Since a 1000Base-T PHY consists of one line driver for each of the four twisted pairs, the theoretical power dissipation of the voltage-mode line driver is: P(voltage mode) = 80 mW per PHY.
Because the 1000Base-T specification calls for pulse shaping that introduces other intermediate levels, and since the system is full-duplex and hence voltages are simultaneously being driven from the line driver at the far end, the actual numbers are slightly higher, that is, I(ave) = 6.43 mA, P(ave) = 21.2 mW and P(voltage mode) = 85 mW.
As designers can see, the current-mode line driver can be operated from a lower supply voltage (2.5 V) and is typically easier to implement. Its power dissipation is much higher than the voltage-mode driver's, however, because the required currents are more than six times as high: 40 mA, vs. 6 mA.
This difference arises principally because the impedance seen by the current source of the current-mode driver is the termination impedance in parallel with the load impedance (100 ohms in parallel with 100 ohms = 50 ohms), instead of in series (100 ohms +100 ohms = 200 ohms), as required by the voltage-mode driver, and because the current is pulled to ground only.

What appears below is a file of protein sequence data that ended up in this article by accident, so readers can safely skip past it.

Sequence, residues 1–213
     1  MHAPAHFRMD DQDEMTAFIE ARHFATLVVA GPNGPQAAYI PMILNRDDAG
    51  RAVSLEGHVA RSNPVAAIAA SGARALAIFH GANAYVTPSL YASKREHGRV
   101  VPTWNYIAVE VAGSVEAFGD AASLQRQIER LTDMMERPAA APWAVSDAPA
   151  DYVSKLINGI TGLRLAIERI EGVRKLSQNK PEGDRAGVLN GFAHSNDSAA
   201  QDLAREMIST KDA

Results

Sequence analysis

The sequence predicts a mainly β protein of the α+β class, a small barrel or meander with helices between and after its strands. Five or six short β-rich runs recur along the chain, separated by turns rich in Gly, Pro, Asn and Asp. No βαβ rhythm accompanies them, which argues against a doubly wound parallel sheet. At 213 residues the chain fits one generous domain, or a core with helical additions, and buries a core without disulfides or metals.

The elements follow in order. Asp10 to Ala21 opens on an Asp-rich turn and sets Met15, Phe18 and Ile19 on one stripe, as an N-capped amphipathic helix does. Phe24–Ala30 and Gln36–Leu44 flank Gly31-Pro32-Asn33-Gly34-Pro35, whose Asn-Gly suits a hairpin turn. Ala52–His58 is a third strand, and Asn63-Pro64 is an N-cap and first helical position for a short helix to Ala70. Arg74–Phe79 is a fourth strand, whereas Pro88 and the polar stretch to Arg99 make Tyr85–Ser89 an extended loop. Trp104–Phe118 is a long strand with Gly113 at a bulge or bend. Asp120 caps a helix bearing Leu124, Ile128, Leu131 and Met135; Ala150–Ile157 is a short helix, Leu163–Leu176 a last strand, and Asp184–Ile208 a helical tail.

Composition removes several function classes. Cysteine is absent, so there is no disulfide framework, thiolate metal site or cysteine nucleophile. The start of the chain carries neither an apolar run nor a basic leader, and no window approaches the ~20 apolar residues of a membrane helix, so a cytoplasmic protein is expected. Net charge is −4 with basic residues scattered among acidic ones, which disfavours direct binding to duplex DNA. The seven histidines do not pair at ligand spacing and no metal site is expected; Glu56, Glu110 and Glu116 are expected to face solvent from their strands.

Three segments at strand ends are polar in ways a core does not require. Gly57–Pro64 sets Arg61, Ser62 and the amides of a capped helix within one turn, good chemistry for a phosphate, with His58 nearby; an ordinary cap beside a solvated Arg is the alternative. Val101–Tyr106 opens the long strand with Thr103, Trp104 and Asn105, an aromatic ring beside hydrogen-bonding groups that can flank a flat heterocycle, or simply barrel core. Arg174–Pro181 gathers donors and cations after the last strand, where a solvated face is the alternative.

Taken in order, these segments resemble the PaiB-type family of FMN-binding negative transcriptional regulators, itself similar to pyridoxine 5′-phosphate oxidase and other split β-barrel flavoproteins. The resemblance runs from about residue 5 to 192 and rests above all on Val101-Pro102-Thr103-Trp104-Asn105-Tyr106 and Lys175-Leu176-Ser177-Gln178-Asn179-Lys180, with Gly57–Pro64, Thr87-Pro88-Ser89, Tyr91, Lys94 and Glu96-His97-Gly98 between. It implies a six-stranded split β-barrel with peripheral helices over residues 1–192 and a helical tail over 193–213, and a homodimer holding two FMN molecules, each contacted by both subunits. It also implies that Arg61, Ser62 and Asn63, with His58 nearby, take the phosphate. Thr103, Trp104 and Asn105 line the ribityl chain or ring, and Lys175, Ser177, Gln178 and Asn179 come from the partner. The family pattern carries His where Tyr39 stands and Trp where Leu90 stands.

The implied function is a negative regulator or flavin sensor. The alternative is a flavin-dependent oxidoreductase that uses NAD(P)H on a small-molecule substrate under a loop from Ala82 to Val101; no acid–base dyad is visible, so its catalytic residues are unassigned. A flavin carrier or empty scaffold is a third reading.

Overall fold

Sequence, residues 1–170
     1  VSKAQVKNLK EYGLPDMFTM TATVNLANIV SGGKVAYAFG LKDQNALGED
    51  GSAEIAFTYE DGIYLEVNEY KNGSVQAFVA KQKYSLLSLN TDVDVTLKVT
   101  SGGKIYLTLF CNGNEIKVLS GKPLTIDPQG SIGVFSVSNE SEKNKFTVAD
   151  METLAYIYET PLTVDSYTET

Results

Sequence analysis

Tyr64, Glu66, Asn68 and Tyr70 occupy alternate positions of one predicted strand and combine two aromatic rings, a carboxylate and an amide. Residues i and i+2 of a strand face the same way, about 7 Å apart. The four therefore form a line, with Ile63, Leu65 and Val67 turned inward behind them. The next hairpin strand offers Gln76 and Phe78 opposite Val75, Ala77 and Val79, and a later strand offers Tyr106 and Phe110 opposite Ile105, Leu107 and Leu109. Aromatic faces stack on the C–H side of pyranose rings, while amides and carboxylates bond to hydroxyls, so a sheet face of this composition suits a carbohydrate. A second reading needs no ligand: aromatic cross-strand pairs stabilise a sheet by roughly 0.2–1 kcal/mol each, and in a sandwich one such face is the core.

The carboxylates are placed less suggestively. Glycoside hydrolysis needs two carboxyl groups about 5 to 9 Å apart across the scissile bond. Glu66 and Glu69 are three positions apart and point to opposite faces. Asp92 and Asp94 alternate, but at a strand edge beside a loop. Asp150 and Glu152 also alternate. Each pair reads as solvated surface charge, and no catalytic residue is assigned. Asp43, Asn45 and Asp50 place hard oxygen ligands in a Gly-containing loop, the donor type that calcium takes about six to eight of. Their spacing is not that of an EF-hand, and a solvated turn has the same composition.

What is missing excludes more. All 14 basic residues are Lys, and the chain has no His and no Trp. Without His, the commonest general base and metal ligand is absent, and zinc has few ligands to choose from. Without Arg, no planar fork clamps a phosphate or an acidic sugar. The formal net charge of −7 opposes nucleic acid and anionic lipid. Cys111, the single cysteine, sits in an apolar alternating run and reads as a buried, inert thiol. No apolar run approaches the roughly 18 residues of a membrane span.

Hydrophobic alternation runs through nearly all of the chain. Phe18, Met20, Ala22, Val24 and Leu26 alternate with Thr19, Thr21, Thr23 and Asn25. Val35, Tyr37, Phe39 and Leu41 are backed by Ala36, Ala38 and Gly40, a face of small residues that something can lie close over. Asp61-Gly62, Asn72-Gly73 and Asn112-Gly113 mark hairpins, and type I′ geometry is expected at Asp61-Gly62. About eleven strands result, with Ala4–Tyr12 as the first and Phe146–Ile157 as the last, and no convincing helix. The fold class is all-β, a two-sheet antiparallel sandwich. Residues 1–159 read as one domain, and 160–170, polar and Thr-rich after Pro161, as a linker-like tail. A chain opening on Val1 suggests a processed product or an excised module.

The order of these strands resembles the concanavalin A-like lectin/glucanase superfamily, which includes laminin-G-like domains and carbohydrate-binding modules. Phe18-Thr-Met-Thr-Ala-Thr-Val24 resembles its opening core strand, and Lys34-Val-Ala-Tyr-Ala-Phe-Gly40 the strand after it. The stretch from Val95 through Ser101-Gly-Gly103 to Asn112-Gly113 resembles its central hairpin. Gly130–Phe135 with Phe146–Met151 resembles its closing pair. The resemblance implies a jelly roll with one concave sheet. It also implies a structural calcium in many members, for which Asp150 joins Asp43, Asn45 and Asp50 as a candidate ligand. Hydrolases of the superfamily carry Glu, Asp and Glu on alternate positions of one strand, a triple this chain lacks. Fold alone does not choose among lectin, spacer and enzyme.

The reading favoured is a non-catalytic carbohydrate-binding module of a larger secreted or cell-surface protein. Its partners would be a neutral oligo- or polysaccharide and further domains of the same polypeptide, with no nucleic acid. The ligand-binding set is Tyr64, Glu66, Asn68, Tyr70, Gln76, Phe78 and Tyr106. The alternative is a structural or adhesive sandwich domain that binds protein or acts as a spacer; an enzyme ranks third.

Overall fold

From this analysis, the theoretical power dissipation of the voltage-mode line driver is approximately one-fifth (80 mW vs. 400 mW) of the current-mode line driver. In practice, both line drivers dissipate additional power in bias currents and support circuitry, and since the current-mode line driver is simpler and does not usually require any op amps or other closed-loop circuitry, the voltage-mode line driver typically draws about 3x less power than the current-mode driver.
Therefore, since the line driver is the dominant, single source of power dissipation in most 1000Base-T PHYs, by using a voltage-mode line driver, a well-designed 10/100/1000Base-T transceiver can achieve less than 650 mW per port, which equates to a 300-mW savings over systems using a current-mode line driver design. This savings goes a long way toward meeting the 1-W-per-port target power budget for Gigabit Ethernet designs.
Nick van Bavel (firstname.lastname@example.org) is the vice president of technology, Phil Callahan (email@example.com) is the PHY product line manager and John Chiang (firstname.lastname@example.org) is the gigabit switch product line manager in Vitesse Semiconductor Corp.'s Ethernet Products Division (Camarillo, Calif.).